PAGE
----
The purpose of exams is to measure knowledge of the content of, or the achievement of, the learning outcomes that are equivalent to those of a specific course.
Challenge exams are created for students who have not attended the course but who wish to demonstrate that they have achieved the course outcomes. Challenge exams are designed by a course instructor or Open Learning Faculty Member.
Standardized exams are prepared by national organizations, such as the College Level Examination Program (CLEP); are applicable to a large population; and measure a specific level of achievement in a specific subject.
Course equivalencies are awarded to learners who have completed and been evaluated in programs, professional licenses, or professional certificates outside of the college or university system. These non-formal programs and credentials are evaluated by TRU, and credit may be granted if the program or credential meets the TRU Credit Bank assessment criteria.
Portfolios summarize the learning gained from non-formal learning experiences. A portfolio is a collection of information that demonstrates the depth and breadth of what the learner knows and/or can do. A portfolio can be used alone or in combination with other methods of assessment. It provides evidence of learning.
A learner requesting PLAR must normally be admitted to a TRU program before the PLAR process will be commenced.
PLAR can be used to accumulate credit in programs or to satisfy admission requirements to certain programs upon approval by the appropriate department chair or designate.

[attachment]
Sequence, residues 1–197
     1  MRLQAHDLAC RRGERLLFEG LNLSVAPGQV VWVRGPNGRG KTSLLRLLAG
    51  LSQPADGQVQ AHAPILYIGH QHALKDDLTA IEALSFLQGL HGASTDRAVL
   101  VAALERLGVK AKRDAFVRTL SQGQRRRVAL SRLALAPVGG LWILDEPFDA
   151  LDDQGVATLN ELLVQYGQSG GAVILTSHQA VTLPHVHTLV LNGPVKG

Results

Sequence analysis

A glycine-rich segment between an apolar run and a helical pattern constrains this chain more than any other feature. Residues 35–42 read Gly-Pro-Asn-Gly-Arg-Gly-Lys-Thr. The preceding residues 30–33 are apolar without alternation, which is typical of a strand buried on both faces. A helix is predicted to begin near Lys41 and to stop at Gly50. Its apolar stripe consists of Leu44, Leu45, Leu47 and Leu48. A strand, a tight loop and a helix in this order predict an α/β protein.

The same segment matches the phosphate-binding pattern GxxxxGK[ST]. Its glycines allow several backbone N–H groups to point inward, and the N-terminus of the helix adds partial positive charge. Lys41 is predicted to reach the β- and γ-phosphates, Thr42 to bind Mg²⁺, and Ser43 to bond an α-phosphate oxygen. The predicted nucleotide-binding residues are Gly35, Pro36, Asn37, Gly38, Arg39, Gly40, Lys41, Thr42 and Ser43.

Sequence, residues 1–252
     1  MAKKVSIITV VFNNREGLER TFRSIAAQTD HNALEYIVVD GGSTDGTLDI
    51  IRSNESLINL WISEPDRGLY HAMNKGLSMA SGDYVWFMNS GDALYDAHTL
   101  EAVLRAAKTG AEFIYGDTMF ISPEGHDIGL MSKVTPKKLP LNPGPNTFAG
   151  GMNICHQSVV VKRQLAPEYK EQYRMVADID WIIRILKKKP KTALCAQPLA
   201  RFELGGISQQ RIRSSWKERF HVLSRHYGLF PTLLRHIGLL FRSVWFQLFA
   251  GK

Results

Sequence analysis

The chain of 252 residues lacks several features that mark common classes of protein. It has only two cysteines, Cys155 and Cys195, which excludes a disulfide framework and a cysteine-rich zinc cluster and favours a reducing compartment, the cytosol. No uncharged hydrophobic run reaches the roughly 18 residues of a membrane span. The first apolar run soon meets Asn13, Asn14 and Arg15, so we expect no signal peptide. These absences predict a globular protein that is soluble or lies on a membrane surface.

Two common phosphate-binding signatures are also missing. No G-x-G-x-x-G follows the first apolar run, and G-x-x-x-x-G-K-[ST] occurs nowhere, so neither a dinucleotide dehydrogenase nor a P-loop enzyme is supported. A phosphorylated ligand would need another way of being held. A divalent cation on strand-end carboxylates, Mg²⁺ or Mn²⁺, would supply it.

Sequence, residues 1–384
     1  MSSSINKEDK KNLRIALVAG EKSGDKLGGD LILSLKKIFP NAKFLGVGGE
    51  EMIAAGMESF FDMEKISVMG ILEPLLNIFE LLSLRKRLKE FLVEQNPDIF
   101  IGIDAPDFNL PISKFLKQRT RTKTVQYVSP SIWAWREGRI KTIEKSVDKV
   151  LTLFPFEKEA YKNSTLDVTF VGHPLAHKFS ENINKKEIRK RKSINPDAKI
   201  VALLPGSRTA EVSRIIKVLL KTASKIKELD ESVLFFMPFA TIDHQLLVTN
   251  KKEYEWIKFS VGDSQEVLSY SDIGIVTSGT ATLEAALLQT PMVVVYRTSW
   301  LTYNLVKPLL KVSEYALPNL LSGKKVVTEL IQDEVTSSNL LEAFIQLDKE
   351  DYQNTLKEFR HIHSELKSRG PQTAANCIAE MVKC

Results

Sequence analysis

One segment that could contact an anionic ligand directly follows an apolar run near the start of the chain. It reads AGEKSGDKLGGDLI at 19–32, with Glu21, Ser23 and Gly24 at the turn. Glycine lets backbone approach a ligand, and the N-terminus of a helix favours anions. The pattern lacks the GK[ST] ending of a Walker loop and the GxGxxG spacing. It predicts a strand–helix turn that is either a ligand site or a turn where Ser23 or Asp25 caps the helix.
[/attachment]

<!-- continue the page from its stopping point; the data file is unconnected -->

PLAR can be used to satisfy residency requirements for TRU—OL.
Credits granted for prior learning towards a specific program at TRU can be used in other programs at TRU where specific transfer credit exists.
Credits granted for prior learning at TRU may not always be transferable to other institutions. It is the responsibility of the learner to determine transferability.
For programs offered on TRU campus, a maximum of twenty-five percent (25%) of the credits required in a program will be awarded for prior learning. Exceptions to this would be subject to recommendation by the appropriate Faculty Council and approval of the Dean. For programs offered through TRU-OL, Planning Council for Open Learning will establish the proportion of each credential that can be gained through PLAR.
Not all courses are eligible for PLAR; non-eligibility will be determined by the appropriate department after consultation with the Director, PLAR.
Credit awarded through PLAR will be monitored to avoid awarding credit more than once for the same learning in a course/program.
A successful PLAR will apply only to the designated course and will not constitute a successful PLAR of any prerequisites to that course.
PLAR will not normally be granted for a course previously transcripted without the special permission of the department and without reasonable evidence of the acquisition of new knowledge.
Transcripts reflect the course being granted credit with a grade of S, which will count as credits attempted and taken, but not for GPA calculations.
If a request for PLAR is unsuccessful, there will be no listing on the transcript.
Learners who receive an unfavourable decision from the assessor will have access to TRU's appeal process.
Students are advised to consult with the Financial Aid office regarding any impacts enrollment in PLAR courses may have on eligibility for student aid.
PLAR assessments are done on a cost-recovery basis. The cost of PLAR will be based on the services performed in the assessment process and the number of credits requested. For assessment of PLAR for an individual course, this cost will not be more than the course fee charged as defined by the tuition fee schedule. Students are responsible for all associated costs involved with PLAR which may include long-distance phone calls to an assessor, travel to an assessment site and/or mailing a portfolio to an assessor. All fees are non-refundable.